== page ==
Another significant milestone was achieved by Neilstown Boxing Club recently when the north Clondalkin club celebrated its 35th anniversary.
Having been the testing ground for Dublin, All-Ireland, European and Olympic champions, Neilstown has been a significant presence in the local community over its history, and remains the longest existing boxing association in the area.
From its humble beginnings in 1979 in the school hall in St Peter the Apostle school to its current new facilities which were opened in 2010 after years of campaigning and fundraising, the club has come a very long way, to the extent that it now trains approximately 80 boys and girls, many of whom are on the path to local and national success.
Speaking after the event last week, founding member of the club Gerry Fleming spoke about the anniversary celebrations.
“The event was brilliant, it was a great turnout. There were 100 people invited, mostly founder members and former coaches and their families. The room was transformed into a ballroom for the night, and there were presentations, and there were 10 exhibition bouts on the night as well.”
Present for the celebrations on the evening were local politician and Minister for Justice Frances Fitzgerald, Olympic athlete Eamon Coghlan, and a host of guests from different boxing clubs throughout the country from as far afield as Mayo, Galway and Tipperary.
Also present was Neilstown’s own boxing Olympic legend, Kenneth Egan, taking a break from the campaign trail to bring some additional gloss to proceedings, and he told GazetteSport about what attending the anniversary celebrations meant to him.
“It was great to be there and be part of the celebration. I have been a member of the club since I was eight years of age, and I’m 32 now. It was founded back in 1979 when it was a school hall, and that’s what I remember of it back in the day. We had to go in at 6pm to hang up the bags and erect the boxing ring and then take it all back down after the session was over.
“I remember when I was eight, my eldest brother William was a boxer and he was an Irish champion. He took me to the club for the first time, and there was a load of animals painted on the walls, as it was a primary school hall. I couldn’t work this out, it was meant to be a boxing club. But once the bags were up, that all changed,” said Egan.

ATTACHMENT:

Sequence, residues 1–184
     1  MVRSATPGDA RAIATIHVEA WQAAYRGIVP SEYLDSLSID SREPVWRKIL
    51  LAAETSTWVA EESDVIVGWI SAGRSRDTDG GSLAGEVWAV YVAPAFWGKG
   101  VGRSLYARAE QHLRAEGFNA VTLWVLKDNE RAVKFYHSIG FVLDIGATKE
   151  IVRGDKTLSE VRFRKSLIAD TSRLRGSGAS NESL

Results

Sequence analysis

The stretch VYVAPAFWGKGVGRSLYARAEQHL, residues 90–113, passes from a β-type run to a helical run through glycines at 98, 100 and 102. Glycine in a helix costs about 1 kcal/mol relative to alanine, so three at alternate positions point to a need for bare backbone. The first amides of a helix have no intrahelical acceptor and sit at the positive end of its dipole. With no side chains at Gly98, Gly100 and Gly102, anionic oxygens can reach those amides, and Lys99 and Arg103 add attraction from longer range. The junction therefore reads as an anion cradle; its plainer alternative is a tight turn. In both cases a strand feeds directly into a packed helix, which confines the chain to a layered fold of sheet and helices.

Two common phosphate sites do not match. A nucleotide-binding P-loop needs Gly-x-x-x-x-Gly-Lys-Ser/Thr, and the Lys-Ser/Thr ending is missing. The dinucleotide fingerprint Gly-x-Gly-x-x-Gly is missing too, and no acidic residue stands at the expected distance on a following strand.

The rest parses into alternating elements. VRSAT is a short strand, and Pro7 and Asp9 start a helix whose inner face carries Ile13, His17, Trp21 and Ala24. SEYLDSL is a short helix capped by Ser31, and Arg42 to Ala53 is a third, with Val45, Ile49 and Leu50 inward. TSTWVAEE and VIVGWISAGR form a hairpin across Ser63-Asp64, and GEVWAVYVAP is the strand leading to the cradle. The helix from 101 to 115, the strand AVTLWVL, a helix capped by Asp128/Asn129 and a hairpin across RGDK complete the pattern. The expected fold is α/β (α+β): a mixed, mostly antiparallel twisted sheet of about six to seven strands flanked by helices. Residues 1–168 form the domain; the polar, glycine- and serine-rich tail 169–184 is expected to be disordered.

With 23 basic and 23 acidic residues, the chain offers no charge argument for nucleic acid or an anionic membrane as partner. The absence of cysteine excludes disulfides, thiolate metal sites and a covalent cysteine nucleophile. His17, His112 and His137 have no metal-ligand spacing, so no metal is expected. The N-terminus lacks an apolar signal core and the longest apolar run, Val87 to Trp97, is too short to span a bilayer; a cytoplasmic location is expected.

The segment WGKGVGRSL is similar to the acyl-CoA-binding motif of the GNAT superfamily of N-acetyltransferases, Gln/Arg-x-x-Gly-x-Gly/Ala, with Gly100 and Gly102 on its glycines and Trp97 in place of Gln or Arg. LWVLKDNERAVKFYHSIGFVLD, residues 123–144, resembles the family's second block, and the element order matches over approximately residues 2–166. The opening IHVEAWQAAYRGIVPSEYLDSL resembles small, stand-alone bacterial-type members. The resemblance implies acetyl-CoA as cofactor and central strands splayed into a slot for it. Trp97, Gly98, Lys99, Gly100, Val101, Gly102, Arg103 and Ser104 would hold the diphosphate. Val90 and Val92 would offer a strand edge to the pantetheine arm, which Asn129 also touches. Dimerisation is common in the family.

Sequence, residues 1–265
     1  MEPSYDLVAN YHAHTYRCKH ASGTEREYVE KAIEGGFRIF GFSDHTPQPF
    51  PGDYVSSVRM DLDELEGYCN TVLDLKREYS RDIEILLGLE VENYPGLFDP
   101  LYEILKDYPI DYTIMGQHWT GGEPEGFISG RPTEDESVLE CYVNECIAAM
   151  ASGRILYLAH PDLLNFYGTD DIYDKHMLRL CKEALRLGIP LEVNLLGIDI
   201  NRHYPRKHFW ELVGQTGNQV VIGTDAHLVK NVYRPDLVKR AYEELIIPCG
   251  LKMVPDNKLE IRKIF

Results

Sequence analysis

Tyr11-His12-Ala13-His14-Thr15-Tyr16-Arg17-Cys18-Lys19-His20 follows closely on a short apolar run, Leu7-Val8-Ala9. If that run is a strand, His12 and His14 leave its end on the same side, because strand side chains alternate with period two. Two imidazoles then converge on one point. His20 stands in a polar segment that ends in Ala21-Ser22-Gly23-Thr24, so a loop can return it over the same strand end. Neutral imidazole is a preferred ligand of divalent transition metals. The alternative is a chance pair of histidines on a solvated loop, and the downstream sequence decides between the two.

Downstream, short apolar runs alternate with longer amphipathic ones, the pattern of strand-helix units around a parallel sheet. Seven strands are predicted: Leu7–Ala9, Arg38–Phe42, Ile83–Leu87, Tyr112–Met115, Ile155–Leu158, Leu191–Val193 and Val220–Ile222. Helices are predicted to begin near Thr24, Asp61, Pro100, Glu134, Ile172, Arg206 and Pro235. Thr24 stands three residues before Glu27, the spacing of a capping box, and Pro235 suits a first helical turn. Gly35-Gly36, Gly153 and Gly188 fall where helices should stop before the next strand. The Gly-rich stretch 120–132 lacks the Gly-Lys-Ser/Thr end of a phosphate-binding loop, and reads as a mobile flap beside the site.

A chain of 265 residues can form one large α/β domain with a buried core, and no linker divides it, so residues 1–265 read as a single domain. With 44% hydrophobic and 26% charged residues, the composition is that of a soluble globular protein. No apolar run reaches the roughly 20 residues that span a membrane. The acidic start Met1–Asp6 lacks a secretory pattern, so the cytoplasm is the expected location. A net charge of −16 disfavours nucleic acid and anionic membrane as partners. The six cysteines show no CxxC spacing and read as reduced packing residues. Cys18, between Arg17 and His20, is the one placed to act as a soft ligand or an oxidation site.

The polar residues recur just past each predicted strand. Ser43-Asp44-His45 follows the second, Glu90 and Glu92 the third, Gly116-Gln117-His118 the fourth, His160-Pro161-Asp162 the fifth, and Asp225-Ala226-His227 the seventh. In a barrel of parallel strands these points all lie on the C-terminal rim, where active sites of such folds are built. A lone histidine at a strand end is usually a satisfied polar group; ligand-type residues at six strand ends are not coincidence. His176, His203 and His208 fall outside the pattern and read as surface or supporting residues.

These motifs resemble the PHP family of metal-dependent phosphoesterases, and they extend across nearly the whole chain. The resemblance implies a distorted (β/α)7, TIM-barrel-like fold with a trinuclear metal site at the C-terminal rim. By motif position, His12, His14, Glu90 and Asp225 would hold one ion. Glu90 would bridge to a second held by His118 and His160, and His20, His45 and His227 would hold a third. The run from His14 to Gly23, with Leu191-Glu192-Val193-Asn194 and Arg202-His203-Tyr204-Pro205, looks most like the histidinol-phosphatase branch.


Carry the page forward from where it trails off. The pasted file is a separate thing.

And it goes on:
“I have had some great days at the club. My first All-Ireland title came representing Neilstown at the National Stadium. I think the discipline and resilience that the club taught me, when the sport didn’t go my way, and the coaches and the staff and my family made me come back time and again, all meant that I brought back the Olympic medal. When you were questioning yourself, they kept me coming back and aiming higher.”
Fleming also explained that the success of Katie Taylor has had its own impact on the club.
“Up until we got the new facilities, we couldn’t cater for girls at the club. We have a good female membership now, and it is getting bigger. We had Katie out a couple of months after the Olympics in 2012, when she came and helped to run a training camp with the girls, which gave the club a great boost.
“We have, I think, between last season and this season won seven county Dublin titles with our female boxers, and one girl reached the semi-finals of the All-Ireland championships this year, losing out to the eventual winner from Cork. It is progressing steadily.”
Both Egan and Fleming were united in their praise for the club and its members throughout the years, and were equally unanimous as to what they hope for the club going forward.
“Not every kid who goes to the club will be an Olympian, but if we can get one in the next number of years, that would be special,” said Egan.
“For me, boxing is about getting kids active, off the street and out of trouble, and Neilstown looks for the talent among the kids who go along.”
Fleming stated: “I would hope to build on the success we have had in the last 35 years in the years to come.”